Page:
Race

We are not aware of any evidence that indicates the Stem Bursary criteria could impact positively or negatively on this protected characteristic. The criteria for the bursary scheme has been developed in line with the SAAS residency criteria for funding. In addition an exemption for the requirement to evidence employment has been built into the scheme for those with refugee status.

Disability

We are not aware of any evidence that indicates the Stem Bursary criteria could impact positively or negatively on this protected characteristic. Students will apply for PGDE courses in the normal way through existing university processes.

Gender

There is currently a gender imbalance in the teaching profession and marked differences in the characteristics of the primary and secondary (Teachers in Scotland 12 December 2017 publication):

  % Female % Male
Teachers - primary 90% 10%
Teachers - secondary 63% 37%

Stem bursaries only apply to four secondary subjects which are the hardest to fill and will apply equally to any eligible individual regardless of gender. In addition in recognition that teaching is a highly female dominated profession and that 33% of secondary female teachers are under the age of 34 we built in an additional flexibility into the career changer definition (three years employment from the last five) to allow for periods of career breaks such as caring and family responsibilities. We are not aware of any evidence that indicates the Stem Bursary criteria could impact positively or negatively on this protected characteristic as the criteria applies to all individuals.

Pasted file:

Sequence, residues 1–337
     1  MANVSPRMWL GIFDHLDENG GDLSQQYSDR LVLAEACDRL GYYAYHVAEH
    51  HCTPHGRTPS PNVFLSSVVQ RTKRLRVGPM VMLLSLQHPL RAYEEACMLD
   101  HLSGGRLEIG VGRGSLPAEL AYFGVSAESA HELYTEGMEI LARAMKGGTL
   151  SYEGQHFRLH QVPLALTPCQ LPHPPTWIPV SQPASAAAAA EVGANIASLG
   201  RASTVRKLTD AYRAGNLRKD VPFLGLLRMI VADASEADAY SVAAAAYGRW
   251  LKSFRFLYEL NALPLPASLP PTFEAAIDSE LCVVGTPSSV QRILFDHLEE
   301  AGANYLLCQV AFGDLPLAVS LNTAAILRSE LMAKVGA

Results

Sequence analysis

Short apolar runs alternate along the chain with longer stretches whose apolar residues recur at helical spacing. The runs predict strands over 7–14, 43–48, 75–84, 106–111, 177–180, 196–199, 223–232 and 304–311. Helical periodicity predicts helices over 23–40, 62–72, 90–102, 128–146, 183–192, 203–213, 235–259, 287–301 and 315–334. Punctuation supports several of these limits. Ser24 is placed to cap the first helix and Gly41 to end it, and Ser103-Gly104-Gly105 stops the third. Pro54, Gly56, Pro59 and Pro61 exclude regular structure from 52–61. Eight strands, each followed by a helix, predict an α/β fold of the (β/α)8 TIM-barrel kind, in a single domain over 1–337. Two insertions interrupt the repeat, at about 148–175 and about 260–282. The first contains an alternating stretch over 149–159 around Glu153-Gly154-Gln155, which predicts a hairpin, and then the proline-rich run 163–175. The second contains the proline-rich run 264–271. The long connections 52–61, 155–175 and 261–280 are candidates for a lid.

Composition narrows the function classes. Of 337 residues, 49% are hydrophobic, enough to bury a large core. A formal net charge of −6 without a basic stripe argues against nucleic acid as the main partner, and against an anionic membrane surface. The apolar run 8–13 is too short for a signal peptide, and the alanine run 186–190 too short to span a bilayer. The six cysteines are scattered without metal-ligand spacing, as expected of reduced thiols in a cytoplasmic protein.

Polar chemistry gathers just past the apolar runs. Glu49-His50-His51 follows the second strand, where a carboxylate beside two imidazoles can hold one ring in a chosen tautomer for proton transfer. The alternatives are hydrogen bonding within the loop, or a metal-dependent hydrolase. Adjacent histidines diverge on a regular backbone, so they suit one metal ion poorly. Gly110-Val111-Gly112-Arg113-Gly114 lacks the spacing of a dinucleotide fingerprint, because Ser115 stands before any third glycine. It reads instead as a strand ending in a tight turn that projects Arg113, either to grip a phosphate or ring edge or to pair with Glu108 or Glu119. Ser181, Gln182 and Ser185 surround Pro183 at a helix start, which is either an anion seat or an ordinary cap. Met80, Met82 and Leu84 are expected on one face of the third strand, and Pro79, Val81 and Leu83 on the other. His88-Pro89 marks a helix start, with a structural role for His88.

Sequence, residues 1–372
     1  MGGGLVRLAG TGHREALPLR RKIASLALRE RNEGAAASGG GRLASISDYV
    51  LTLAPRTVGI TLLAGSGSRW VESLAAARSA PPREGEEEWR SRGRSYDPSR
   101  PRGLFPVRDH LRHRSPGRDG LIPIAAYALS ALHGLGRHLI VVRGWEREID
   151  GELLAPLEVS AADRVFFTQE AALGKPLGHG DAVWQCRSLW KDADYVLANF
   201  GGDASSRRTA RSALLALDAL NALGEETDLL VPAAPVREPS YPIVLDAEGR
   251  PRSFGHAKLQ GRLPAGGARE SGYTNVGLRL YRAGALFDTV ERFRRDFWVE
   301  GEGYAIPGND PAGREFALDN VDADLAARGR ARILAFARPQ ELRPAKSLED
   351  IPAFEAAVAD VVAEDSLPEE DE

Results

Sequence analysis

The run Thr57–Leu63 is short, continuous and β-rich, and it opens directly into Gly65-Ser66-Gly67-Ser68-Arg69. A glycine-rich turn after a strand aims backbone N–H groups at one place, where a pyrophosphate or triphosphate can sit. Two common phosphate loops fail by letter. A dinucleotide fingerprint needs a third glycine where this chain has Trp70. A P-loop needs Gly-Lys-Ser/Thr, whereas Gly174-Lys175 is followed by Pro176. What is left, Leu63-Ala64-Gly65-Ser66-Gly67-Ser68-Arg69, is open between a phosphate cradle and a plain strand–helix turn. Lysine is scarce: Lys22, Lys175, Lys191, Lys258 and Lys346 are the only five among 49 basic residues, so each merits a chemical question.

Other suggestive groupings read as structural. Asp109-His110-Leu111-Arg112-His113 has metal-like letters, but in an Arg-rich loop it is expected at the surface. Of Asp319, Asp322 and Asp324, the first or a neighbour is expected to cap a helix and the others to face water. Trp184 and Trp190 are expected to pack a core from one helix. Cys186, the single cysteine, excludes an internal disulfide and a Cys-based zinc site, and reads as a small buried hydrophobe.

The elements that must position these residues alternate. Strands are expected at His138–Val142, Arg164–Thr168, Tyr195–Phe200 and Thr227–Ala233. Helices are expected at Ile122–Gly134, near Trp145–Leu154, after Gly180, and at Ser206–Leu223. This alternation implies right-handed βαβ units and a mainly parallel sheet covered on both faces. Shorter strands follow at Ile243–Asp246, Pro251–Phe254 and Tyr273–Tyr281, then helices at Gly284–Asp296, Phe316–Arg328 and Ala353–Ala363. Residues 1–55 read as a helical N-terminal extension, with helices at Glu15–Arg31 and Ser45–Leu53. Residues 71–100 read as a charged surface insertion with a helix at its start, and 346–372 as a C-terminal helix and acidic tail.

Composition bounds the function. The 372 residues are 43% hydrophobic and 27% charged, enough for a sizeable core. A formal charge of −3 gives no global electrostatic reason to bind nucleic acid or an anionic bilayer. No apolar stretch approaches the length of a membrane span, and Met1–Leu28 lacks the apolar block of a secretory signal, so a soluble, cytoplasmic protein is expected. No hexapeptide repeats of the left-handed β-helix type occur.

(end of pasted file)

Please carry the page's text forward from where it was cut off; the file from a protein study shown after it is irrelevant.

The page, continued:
It is however possible that the requirement to have been in employment for three out of the past five years may have a disproportionate adverse impact on women, given that more women than men are likely to take time out of work for childcare related reasons. To the extent that the policy might be considered indirectly discriminatory, we consider that it can be objectively justified. It is expressly aimed at career changers, with the stated objective of encouraging people into the teaching profession for certain key subjects. The purpose of the bursary is to ease the transition from giving up paid employment to undertake a year of teacher training. The policy does allow scope for career breaks for two out of the last five years, which is considered to be proportionate. There is no reasonable alternative for achieving the same policy aims.

Gender Assignment

We are not aware of any evidence that indicates the Stem Bursary criteria could impact positively or negatively on this protected characteristic.

Sexual Orientation

We are not aware of any evidence that indicates the Stem Bursary criteria could impact positively or negatively on this protected characteristic.

Religion or belief

We are not aware of any evidence that indicates the Stem Bursary criteria could impact positively or negatively on this protected characteristic.


Contact

Angela.Felvus@gov.scot